British International Investment

Counterproductive sustainable investing

This blog is authored by our Director of Research and Policy, Paddy Carter. These are personal views and do not necessarily represent the views of British International Investment.


Many impact investors would say that at heart what they do is decrease the cost of capital for firms doing good things and increase it for firms doing bad things. That position is still contentious. There are those who argue it is possible to have an impact without sacrificing returns — which is the flip side of the lower cost of capital coin. But when researchers report that heavy emitters, such as oil and gas majors, face a higher cost of capital than green firms, most people would probably regard that as a sign that the trend of socially responsible investing is having some positive effect on the world.

Worryingly, it looks like the converse could be true. In their paper “Counterproductive Sustainable Investing” Samuel Hartzmark and Kelly Shue show that brown firms tend to get browner when their cost of capital rises, and greener in response to easier access to capital. Their explanation is that continuing or expanding existing high pollution operations, or cutting corners on pollution abatement, is probably better from a near-term cash flow perspective, whereas shifting toward cleaner production usually entails a departure from existing production methods, and likely costs more up front and delivers back-loaded cash flows. To be avoided when money is tight.

But, as the authors acknowledge, using changes in the cost of capital to induce short-term marginal changes in emissions intensity is not the only story. There is also a longer-term incentive for brown firms to become greener and access a lower cost of capital in the future. Hartzmark and Shue argue that if those incentives exist, they are weak. The absolute carbon emissions of brown firms are hundreds of times greater than those of green firms. If the average brown firm doubled its emissions, the real carbon impact would be equivalent to the average green firm increasing its emissions by 26000%. What the world urgently needs is emissions reductions from the big emitters – any given percentage reduction in emissions is absolutely far less important from a green firm than from a brown one. Yet, they show, both the overweight/underweight allocations of popular sustainable investment funds and ESG ratings tend to reward percentages changes in emissions and not absolute changes. That means the big emitters are not rewarded enough for large absolute reductions in emissions when that is a small percentage change, because they are starting from a high base.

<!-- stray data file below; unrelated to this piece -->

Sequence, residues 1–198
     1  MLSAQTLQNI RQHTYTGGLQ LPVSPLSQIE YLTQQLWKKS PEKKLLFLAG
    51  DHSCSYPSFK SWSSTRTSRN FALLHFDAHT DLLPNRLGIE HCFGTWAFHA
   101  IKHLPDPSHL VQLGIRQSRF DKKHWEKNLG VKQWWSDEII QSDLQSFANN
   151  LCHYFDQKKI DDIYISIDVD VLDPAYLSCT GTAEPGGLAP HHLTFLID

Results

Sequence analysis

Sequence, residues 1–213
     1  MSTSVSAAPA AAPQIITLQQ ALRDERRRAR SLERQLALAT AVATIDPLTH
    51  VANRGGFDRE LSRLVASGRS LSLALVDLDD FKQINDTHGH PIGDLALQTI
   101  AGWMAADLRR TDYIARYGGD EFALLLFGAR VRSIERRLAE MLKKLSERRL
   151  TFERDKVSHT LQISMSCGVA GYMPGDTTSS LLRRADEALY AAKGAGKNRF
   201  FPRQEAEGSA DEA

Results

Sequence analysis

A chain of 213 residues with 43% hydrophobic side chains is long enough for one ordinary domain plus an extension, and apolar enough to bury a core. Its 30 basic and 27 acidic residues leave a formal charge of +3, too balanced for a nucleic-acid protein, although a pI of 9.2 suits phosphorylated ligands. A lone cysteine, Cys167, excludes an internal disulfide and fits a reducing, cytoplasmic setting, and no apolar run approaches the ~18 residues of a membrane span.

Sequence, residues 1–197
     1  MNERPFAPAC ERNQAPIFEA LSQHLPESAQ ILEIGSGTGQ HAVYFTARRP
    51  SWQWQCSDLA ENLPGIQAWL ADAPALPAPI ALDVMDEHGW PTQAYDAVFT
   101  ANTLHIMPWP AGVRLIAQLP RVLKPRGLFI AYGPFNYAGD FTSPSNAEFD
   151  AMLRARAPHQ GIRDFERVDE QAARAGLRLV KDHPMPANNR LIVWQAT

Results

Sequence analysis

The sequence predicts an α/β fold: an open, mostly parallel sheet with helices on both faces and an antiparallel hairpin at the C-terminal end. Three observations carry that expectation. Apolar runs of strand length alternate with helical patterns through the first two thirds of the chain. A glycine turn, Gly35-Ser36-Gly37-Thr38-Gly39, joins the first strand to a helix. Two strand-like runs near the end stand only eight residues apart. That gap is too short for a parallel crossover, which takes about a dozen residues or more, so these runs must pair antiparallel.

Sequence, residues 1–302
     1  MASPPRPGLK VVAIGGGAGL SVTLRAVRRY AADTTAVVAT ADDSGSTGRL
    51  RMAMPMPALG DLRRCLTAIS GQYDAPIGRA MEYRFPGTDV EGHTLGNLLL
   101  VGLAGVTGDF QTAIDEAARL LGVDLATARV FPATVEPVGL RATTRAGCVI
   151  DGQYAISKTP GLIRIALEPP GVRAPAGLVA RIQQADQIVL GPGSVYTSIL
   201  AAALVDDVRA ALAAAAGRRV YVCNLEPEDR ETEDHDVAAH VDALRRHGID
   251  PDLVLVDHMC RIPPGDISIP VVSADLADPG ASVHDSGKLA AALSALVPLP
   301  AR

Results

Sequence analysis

One could quibble with the authors’ focus on changes in emissions intensity. Perhaps sometimes what we want is simply for green things to expand and displace brown things, even if their respective emissions intensities are not changing. But an important part of their argument is that brown and green firms are often not substitutes – they use the examples of a low carbon insurance firm and a high carbon buildings materials firm. More insurance does not result in less building.

The argument that really, we want cheap finance for brown firms to become greener resonates with the debate around green bonds. Highly emissive firms can issue green bonds for stand-alone green projects, but many people object to the idea of brown firms getting green loans. That is understandable. Dollars are fungible so even if you lend money to an oil and gas major to build a solar park, you cannot be sure what the marginal activity you are financing really is. Research has sometimes found that green bond issuance is not associated with falling emissions at the firm level (which is somewhat at odds with Hartzman and Shue’s result, unless perhaps green bonds do not materially reduce the firm’s cost of capital).

The concept of transition finance could help move beyond the idea that green finance should be for (already) green things (here is a BII practitioner’s guide to transition finance).  The idea here is that investments in some emissive industries are necessary to facilitate the transition to net zero elsewhere in the economy, and some investments in highly emissive industries themselves are required for their own decarbonisation — but these investments would not meet the criteria for green bonds. Although Hartzmark and Shue’s work draws attention to the need to make it easier for high emitters to invest in greening themselves, providing transition finance to high emitters must be done carefully to ensure it delivers the intended results and is credible in the eyes of all stakeholders. Clear arguments for why the investment will reduce emissions, and associated KPIs to monitor execution, will be needed. Without that credibility, green investors may find themselves unable to make these crucial investments.

The need to help high emitters decarbonise implies that observers must dig deeper than a firm’s current carbon emissions when looking at how quickly investors are reducing the carbon footprints of their portfolios. As many have observed, divesting from highly emissive assets, and filling a portfolio with investments in firms that are already green, does not achieve much for what actually matters – decarbonising the economy. Hartzmark and Shue’s research suggests this is what many sustainable investment funds are doing. But leaning into the problem and investing in heavy industry to actively help accelerate its decarbonisation could result in your portfolio carbon footprint rising, at least in the medium term.

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